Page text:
Why should distributors ask if their vendors have corporate sustainability initiatives?

Larger corporations, municipalities, schools and universities are more apt to seek sustainability initiatives from suppliers. This will enable them to integrate their suppliers’ programs into their own sustainability initiatives. — Linda Silverman, president, Maintex, City of Industry, California

Two-fold answer: First, it is the distributor’s vendor’s responsibility to put its distribution partners in the best position possible to make sure its product offering meets all current and future customer requests. Some of the customers’ requests now are extending into the vendor/supplier. Customers want to know who they are and what they stand for. How do they mold their business? What is important to them? Second, ideally customers concerned about sustainability would like to select a distributor whose internal initiatives reflects or exceeds their same level of commitment to sustainability. They also would like all the product they purchased to be aligned with a manufacturer whose own initiatives reflect or exceed their level of commitment. — Ryan Banks, vice president of sales and marketing, Brady Industries, Las Vegas

I’m not sure that a distributor needs to ask the exact question regarding a “corporate sustainability initiative.” It can be seen as being judgmental. Many companies have a beautifully written “mission statement” with values that have not been promoted or ingrained in the culture of their team. I would rather look and ask about the action that they’ve taken to be better stewards of the planet and help them with what we’ve learned. I would also ask them for their expert advice on what we can do better. I think we’re all better off when we realize that we can work together to get things done. — Charles Moody, president, Solutex, Inc., Sterling, Virginia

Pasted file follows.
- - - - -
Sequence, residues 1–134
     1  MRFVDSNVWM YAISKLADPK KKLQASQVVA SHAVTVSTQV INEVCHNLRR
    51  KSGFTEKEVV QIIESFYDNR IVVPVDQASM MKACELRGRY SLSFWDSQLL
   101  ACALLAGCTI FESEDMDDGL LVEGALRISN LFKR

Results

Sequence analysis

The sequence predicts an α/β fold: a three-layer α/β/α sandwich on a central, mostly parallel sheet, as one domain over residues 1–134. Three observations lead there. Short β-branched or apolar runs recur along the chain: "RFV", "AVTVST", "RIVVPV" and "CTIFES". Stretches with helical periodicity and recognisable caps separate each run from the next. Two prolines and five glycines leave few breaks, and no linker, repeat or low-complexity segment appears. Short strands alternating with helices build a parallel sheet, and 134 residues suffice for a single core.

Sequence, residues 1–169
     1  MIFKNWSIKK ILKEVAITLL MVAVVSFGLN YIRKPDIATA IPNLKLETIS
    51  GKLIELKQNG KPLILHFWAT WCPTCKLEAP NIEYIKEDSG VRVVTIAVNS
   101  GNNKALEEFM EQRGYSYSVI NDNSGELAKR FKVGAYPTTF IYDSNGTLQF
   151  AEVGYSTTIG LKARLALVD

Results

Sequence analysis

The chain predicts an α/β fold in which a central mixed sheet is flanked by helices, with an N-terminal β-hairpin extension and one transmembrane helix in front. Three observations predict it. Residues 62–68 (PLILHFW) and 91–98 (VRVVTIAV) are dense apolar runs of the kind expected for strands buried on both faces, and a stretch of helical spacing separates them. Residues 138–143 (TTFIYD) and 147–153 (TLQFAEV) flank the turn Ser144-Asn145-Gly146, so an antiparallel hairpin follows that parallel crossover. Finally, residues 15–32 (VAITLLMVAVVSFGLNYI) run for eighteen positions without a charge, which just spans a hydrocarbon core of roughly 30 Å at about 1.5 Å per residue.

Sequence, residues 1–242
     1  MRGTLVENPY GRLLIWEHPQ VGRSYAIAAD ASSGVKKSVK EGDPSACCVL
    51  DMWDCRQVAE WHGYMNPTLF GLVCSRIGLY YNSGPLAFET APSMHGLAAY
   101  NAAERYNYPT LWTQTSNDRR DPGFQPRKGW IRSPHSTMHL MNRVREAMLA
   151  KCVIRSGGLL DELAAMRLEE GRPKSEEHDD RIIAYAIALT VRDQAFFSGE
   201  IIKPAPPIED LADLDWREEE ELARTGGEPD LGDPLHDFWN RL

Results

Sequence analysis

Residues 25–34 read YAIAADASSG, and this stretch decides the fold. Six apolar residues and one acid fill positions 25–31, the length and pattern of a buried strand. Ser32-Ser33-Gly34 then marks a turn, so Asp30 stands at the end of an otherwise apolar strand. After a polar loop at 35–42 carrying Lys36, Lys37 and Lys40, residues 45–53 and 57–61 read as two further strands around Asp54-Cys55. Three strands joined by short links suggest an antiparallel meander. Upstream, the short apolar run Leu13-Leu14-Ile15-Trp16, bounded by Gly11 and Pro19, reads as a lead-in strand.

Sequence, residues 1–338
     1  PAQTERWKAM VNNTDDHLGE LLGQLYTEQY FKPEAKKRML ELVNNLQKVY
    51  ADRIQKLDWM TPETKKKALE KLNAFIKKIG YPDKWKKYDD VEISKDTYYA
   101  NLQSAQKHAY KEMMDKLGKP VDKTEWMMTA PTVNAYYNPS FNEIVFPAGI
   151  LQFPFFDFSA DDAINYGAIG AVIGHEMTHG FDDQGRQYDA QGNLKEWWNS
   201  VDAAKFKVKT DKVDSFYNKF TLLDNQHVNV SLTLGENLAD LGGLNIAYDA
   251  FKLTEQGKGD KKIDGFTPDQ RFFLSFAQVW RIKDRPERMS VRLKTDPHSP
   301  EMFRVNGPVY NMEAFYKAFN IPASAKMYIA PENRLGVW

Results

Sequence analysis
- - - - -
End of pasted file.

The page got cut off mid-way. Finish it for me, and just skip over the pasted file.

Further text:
It is important that we all work to preserve the world we have, so we do ask our manufacturers what are their initiatives. It is always a great story to pass on to our clients. — Belinda Jefferson, president, Hercules and Hercules Inc., Detroit

There needs be some connectivity between manufacturers, distributors and end users to achieve a supply chain that promotes sustainability. If I’m an end user, I’d like to know whether I’m supporting a company that “talks the talk” or “walks the walk” when it comes to sustainability. We look for relationships with manufacturers that have “put their money where their mouth is,” so to speak. One hand care manufacturer built its new facilities to qualify for LEED certification. Another uses more sustainable packaging or it has reduced the need for packaging. Yet another now uses readily biodegradable, plant-derived chemistry in its products.

Distributors like us are experiencing rising demand for safer and more sustainable products. It makes perfect sense to partner with manufacturers that share your values and put them into practice. I want to see that in a manufacturer, and so do many end users. Doing the right thing can’t be wrong. — Scott Uselman, manager and director of sales, High Point Sanitary Solutions, Houston